However, some 50 years of SETI have failed to find anything, even though radio telescopes, receiver techniques, and computational abilities have improved enormously since the early 1960s. Granted, the "parameter space" of possible radio signals (all the possible frequencies, locations on the sky, signal strengths, frequency drift rates, on-off duty cycles, etc.) is vastly larger than the tiny bit that has yet been searched. But we have discovered, at least, that our galaxy is not teeming with very powerful alien transmitters continuously broadcasting near the 21-centimeter hydrogen frequency. No one could say this in 1961.
Have we overestimated the values of one or more of the Drake parameters? Is the average lifetime of technological civilizations short? Or have astronomers overlooked some other, more subtle aspect?
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Let's reevaluate the Drake equation by analyzing each term separately. R, the rate of star formation in the Milky Way per year, is indeed currently about 1 — astronomers are quite sure of that. In fact, astronomers have recently determined that stars formed at a higher rate several billion years ago, when the stars that might now bear intelligent life were being born. So a value of R = 3 or 5 is more realistic.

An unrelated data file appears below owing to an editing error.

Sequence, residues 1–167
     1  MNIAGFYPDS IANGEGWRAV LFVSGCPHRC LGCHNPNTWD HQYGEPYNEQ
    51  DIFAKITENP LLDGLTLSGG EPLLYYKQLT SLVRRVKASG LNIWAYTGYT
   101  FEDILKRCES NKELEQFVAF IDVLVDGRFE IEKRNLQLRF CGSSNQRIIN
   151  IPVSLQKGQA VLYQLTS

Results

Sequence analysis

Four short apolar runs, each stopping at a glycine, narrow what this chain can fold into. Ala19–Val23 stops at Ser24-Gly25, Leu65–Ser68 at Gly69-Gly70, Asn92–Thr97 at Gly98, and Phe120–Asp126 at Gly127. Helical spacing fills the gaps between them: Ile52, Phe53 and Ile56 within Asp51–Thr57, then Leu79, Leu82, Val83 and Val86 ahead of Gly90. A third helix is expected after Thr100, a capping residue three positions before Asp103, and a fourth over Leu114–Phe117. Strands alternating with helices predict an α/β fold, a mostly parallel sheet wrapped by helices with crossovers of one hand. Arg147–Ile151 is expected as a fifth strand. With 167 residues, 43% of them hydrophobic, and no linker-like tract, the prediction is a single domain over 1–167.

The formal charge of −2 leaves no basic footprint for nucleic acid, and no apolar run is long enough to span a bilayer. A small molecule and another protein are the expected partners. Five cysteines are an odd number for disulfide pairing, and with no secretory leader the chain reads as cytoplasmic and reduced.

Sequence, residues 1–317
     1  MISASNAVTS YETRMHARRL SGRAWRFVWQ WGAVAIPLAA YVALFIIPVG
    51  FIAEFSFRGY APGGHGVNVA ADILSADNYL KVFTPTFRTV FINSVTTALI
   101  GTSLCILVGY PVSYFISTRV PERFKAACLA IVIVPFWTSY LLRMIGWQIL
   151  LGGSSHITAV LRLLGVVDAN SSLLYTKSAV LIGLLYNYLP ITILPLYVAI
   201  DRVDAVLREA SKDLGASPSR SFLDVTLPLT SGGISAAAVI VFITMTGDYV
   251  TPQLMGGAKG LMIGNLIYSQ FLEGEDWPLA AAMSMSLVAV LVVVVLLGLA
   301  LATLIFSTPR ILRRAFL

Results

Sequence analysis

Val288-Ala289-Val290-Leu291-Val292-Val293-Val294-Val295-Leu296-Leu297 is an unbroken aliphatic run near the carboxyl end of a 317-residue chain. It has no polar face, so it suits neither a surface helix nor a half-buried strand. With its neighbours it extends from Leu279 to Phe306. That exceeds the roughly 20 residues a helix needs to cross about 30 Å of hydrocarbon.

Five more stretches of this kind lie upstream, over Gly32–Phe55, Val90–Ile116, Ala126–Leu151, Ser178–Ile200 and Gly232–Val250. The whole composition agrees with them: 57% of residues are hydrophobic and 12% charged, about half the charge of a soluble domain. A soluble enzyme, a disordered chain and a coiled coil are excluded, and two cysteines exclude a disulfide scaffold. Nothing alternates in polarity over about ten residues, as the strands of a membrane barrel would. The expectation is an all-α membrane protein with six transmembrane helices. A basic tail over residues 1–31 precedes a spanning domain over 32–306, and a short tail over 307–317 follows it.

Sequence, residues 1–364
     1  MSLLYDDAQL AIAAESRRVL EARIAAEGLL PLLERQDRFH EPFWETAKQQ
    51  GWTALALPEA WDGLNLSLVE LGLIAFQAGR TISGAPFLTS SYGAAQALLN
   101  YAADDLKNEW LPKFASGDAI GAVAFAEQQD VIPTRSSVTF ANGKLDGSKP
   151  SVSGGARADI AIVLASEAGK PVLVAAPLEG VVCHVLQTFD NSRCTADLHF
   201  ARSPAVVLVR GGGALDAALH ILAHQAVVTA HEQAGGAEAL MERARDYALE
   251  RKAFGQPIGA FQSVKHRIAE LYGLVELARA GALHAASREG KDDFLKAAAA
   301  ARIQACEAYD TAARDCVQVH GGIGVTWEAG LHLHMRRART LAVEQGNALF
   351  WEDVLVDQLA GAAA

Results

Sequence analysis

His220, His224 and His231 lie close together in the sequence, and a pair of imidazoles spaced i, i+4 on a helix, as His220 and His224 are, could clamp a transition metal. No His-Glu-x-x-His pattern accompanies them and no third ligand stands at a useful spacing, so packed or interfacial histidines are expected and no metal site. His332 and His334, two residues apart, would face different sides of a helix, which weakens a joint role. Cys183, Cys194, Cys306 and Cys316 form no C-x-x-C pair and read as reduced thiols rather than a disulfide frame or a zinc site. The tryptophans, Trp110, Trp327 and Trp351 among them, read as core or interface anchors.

How Many Planets? fp
The second variable is fp, the fraction of stars that have planetary systems. Discoveries that many or most young stars are surrounded by planet-forming disks, and detections of some 3,000 actual or likely planets orbiting Sunlike stars (as of 2012), confirm what astronomers had already suspected: planets are common.
So-called "protoplanetary disks" are routinely detected by infrared observations and are seen directly in, for instance, Hubble Space Telescope photographs of the Orion Nebula, one of the most prolific star-forming regions in our part of the Milky Way. Submillimeter-wave observations have shown much more tenuous dust disks around many older stars, including Drake's first target, Epsilon Eridani. Many of these disks are doughnut shaped, with central holes apparently swept clear by planets accreting the disk's gas and dust. Some such planets have even been directly imaged. But the vast majority of the evidence comes from the gravitational wobbles that orbiting planets induce in their stars, and transits of planet-sized silhouettes across star's faces.